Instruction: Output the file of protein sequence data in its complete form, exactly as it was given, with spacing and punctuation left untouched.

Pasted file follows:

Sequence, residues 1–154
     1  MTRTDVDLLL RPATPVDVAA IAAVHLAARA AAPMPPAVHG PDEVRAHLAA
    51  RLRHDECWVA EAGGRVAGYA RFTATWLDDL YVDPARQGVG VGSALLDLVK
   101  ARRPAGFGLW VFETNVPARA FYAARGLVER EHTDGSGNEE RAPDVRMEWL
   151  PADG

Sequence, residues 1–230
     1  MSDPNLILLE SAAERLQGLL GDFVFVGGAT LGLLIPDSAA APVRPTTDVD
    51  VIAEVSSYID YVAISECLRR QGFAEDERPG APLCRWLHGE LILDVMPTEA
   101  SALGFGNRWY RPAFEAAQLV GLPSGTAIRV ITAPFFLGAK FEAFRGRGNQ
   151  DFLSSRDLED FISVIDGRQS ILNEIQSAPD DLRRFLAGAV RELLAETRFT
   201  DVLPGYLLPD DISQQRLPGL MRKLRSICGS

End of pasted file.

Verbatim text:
Sequence, residues 1–154
     1  MTRTDVDLLL RPATPVDVAA IAAVHLAARA AAPMPPAVHG PDEVRAHLAA
    51  RLRHDECWVA EAGGRVAGYA RFTATWLDDL YVDPARQGVG VGSALLDLVK
   101  ARRPAGFGLW VFETNVPARA FYAARGLVER EHTDGSGNEE RAPDVRMEWL
   151  PADG

Sequence, residues 1–230
     1  MSDPNLILLE SAAERLQGLL GDFVFVGGAT LGLLIPDSAA APVRPTTDVD
    51  VIAEVSSYID YVAISECLRR QGFAEDERPG APLCRWLHGE LILDVMPTEA
   101  SALGFGNRWY RPAFEAAQLV GLPSGTAIRV ITAPFFLGAK FEAFRGRGNQ
   151  DFLSSRDLED FISVIDGRQS ILNEIQSAPD DLRRFLAGAV RELLAETRFT
   201  DVLPGYLLPD DISQQRLPGL MRKLRSICGS